Synchronized Observable List

Bruce Alspaugh alspaughb at
Sat Sep 22 14:58:49 PDT 2012

I'm new to JavaFX, so I was browsing the Javadoc for:


It doesn't say whether it synchronizes on the returned list or some
other object that might not be accessible to me.  Can I safely assume it
synchronizes on the intrinsic lock of the wrapper?

A potential problem with observable synchronized collections is that you
have to be very careful not to call an "alien" method while holding a
lock which risks deadlock and other synchronization problems as
described in Item 67 of Effective Java.  In this case, the listeners
registered on the wrapper would be considered "alien" to JavaFX.  If the
wrapper naively holds the lock while forwarding the call to the
corresponding method of the wrapped list, the lock would be held during
the time the listeners are being notified, risking exceptions and

One approach to work around this issue would be to use a condition
variable on the lock to temporarily suspend it while the registered
listeners are notified, and then regain it after the listeners have been
notified.  This would require some sophistication and overhead to the
underlying code that notifies listeners in JavaFX.

I have concerns about the approach of moving the listener notifications
outside the critical section and the CopyOnWriteArrayList approach as
described in Effective Java Item 67, because you can't guarantee the
order that listeners are notified when multiple threads concurrently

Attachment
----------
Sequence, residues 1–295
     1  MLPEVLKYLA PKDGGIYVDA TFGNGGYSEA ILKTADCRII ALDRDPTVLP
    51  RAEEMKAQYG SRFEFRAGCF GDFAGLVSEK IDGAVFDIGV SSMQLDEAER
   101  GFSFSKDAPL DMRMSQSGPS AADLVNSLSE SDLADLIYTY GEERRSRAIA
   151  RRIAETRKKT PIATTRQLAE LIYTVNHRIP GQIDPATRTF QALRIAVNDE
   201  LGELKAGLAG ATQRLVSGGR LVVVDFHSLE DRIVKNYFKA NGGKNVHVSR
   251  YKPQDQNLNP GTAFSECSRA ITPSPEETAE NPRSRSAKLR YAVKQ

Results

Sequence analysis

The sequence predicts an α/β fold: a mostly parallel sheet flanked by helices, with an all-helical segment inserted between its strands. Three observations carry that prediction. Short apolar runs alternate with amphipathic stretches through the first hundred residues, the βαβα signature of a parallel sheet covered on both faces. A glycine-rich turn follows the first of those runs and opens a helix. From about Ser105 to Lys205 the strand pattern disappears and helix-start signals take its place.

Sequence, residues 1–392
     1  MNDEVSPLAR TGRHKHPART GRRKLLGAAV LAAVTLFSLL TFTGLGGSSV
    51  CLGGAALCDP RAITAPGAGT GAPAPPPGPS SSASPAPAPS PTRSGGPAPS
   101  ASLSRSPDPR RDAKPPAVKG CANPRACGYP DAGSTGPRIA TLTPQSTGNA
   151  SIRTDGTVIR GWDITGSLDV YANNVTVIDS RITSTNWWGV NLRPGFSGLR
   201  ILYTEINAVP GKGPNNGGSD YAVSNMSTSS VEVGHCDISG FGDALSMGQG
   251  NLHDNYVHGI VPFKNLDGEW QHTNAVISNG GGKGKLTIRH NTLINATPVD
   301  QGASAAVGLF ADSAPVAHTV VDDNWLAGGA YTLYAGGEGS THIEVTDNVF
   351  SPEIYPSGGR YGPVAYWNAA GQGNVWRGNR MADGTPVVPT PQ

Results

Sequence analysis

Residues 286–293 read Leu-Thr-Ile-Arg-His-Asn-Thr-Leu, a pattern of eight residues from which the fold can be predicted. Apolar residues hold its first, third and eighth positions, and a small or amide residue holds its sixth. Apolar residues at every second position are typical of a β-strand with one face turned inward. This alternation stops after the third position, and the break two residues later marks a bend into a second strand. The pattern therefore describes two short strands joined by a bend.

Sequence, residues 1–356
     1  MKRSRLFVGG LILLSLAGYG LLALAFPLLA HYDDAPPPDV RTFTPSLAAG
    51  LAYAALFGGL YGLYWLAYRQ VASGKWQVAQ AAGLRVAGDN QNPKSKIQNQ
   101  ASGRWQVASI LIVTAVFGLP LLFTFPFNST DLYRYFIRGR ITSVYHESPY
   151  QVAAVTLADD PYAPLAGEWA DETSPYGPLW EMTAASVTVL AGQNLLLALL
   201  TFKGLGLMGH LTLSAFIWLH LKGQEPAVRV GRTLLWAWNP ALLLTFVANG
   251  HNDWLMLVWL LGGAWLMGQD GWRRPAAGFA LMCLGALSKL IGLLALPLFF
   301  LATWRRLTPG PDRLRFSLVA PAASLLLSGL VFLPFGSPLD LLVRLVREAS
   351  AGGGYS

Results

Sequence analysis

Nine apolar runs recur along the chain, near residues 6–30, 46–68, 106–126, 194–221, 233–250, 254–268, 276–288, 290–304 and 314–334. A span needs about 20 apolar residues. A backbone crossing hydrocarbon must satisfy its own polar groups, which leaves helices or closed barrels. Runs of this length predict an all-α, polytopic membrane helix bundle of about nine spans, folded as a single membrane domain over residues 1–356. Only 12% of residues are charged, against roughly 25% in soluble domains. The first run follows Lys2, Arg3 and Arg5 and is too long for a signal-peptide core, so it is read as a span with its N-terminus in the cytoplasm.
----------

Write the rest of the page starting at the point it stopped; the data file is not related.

modify the collection, and the listeners themselves would have to be
able to handle concurrent notification.  For example, if thread 1 makes
change A and thread 2 makes change B to the same collection, you can't
guarantee that a listener would be notified of A before B, B before A,
or it could be concurrently notified of A and B.  I also don't see how
Dr. Bloch is guarding the backing Set from concurrent modification.  I
understand it could be a thread-safe Set, like CopyOnWriteArraySet, but
there is nothing to guarantee it is so.

I suppose the simplest approach of all would be to simply confine
observable collections to a single thread.  What is the use case that
requires an observable collection to be concurrently modified?  Could
the use case be handled some other way?

If someone could point me to where I can browse the JavaFX source code
so I can see what is actually going on here, it would be quite helpful. 



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